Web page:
Yarmouth church is latest recipient of at-cost weatherization
Last winter, as a part of Upright Frameworks' RaiseME Up campaign, a program where the company did 100 percent of its work at cost, the Foreside Community Church solved an ice dam problem with a weatherization retrofit.
“Right after the project they said everyone is thrilled and they said the year went fantastically,” said Josh Wojcik, founder of Upright Frameworks. “I've only heard good feedback.”
Bill Hubble, a member of the church and Wojcik's contact last year, said that the 200-year-old church needed the repair and that even though winter has barely started, the congregation immediately noticed an improvement.
“We did notice a very obvious change in the climate in the church,” Hubble said. “The ambient warmth in the church immediately increased.”
He said he believes that if we experience a winter “like the one four or five years ago,” the church has done a very good job protecting itself.
The project at Yarmouth's First Parish Church is along the same lines, with subtle differences, Wojcik said.
He said he was contacted by Liz Rensborough, a congregant of the church, this fall because the building was experiencing heating loss through the attic.
“We're working mostly on the attic and it's a different scope (than the Foreside Community Church) because the attic is very different, but it's a similar project,” Wojcik said. “We're going to be installing a pressure barrier over one wing of the church.”
The pressure barrier, Wojcik said, will resolve a lot of the heating loss that is occurring in the newer part of the building, which he said is in worse shape than the original building built in 1868. Wojcik said this is not surprising because new energy codes do not include requirements for the air sealing, so “new buildings can be very, very leaky.”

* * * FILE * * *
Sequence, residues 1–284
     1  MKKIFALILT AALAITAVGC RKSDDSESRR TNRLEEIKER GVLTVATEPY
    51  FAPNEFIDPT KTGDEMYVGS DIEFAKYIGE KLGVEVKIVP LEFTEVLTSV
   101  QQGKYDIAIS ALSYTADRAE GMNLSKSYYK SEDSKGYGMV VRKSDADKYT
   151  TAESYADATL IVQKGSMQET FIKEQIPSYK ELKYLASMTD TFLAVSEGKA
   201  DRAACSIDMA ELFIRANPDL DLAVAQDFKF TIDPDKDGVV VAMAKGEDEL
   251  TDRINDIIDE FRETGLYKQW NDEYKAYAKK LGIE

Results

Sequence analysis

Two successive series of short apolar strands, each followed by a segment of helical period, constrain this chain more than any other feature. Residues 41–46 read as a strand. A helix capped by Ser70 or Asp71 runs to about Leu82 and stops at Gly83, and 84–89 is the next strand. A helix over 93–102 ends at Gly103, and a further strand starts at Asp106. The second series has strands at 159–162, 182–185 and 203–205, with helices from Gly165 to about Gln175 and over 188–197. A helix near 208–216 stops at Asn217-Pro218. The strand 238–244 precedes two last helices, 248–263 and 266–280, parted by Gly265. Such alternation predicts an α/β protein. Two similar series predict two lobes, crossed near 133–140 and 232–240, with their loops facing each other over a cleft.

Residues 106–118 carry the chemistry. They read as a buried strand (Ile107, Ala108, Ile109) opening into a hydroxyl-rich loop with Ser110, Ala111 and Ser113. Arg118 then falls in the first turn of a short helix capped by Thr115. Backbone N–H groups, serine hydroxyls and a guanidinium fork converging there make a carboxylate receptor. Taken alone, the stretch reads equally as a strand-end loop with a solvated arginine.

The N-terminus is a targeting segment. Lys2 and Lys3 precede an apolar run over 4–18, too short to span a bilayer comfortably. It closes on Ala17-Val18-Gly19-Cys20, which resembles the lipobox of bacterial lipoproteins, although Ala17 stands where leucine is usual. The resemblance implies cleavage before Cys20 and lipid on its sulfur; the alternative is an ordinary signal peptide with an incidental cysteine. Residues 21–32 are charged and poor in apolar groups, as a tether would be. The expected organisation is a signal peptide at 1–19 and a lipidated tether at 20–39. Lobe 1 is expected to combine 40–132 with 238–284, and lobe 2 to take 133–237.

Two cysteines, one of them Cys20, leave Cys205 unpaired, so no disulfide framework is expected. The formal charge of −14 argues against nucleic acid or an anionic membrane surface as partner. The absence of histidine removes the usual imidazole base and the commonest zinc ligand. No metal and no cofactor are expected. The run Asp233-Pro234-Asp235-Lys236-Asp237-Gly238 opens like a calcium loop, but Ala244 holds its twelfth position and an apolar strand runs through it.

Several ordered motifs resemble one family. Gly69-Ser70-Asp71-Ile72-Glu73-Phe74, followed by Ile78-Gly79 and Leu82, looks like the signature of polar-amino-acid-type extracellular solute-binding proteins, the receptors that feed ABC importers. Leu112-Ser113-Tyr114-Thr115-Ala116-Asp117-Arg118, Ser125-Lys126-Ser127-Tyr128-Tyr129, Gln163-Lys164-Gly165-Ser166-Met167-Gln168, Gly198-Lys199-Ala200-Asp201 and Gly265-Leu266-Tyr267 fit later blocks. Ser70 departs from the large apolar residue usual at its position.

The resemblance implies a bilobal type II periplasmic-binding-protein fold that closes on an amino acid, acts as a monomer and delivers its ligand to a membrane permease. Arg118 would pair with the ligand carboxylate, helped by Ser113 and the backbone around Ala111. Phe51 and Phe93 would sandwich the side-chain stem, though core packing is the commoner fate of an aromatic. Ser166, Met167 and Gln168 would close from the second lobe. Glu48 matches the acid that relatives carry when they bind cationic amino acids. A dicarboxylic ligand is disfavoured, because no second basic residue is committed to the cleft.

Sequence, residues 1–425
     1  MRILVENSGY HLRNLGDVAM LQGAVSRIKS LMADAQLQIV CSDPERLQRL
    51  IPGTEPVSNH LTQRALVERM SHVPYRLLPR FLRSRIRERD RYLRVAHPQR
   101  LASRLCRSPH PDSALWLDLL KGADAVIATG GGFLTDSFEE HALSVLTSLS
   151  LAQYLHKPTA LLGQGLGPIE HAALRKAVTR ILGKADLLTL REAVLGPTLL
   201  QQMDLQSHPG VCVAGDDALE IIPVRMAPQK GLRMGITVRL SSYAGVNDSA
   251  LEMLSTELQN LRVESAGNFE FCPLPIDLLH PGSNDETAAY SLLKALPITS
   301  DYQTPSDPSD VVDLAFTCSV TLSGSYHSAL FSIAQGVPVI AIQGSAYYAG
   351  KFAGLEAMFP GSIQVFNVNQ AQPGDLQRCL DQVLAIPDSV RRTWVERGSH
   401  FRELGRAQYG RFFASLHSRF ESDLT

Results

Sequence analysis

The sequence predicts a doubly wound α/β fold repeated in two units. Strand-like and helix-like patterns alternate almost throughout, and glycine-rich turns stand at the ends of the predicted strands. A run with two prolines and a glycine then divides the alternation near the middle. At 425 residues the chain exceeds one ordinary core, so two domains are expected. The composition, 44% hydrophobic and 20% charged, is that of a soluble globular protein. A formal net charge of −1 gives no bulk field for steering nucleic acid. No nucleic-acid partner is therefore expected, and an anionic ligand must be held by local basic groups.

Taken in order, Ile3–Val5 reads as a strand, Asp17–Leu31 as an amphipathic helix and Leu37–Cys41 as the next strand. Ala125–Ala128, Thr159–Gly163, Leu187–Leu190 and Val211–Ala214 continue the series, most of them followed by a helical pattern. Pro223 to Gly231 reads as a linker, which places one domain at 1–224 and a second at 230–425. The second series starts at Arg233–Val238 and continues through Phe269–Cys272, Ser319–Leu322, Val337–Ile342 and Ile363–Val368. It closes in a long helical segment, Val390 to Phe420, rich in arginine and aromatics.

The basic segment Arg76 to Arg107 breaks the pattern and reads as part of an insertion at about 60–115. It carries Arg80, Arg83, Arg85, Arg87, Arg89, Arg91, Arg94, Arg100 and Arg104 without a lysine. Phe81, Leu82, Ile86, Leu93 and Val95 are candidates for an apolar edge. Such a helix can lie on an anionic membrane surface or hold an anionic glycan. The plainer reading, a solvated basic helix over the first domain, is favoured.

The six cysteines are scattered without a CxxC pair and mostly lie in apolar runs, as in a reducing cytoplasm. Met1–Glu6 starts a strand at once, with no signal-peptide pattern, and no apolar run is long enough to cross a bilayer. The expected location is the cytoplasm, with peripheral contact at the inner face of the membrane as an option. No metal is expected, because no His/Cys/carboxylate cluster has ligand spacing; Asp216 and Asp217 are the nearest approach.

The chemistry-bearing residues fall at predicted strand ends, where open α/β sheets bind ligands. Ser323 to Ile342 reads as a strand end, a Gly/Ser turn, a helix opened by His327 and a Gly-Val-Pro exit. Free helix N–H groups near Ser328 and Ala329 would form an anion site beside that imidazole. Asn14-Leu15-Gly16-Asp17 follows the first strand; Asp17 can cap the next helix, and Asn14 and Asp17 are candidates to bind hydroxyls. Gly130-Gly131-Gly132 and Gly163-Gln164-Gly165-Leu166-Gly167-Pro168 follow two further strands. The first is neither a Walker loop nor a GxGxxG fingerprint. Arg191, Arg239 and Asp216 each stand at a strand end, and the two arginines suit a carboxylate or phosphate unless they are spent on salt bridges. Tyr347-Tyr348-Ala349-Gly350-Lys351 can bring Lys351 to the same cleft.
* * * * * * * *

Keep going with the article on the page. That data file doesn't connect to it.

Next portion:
Although the RaiseME Up campaign has ended, Wojcik will still do the retrofit at cost for church, he said, because he feels it is important for pillars of the community to be maintained.
“I did the original RaiseME Up campaign as a way to raise awareness, but I'm a business and I can't do profitless work forever unless I convert myself into a nonprofit,” he said. “But I do want to keep the program going for organizations that I feel are important for our community. Churches are nonprofits and regardless of your religious bent, they are community centers and pillars in every community.”
He said he will keep the program going for nonprofits and so far has worked with several historical societies and other churches in addition to the 25 projects completed by the RaiseME Up project last year.
“We're trying to help groups that are going to have a ripple effect in the community, so I'm trying to connect with those organizations that I don't want to see go under because they can't afford to take care of problems,” Wojcik said.
Work on the church was supposed to begin before Christmas, but weather and the holidays delayed the start date until early this month. Wojcik said he expects the work to take around two weeks.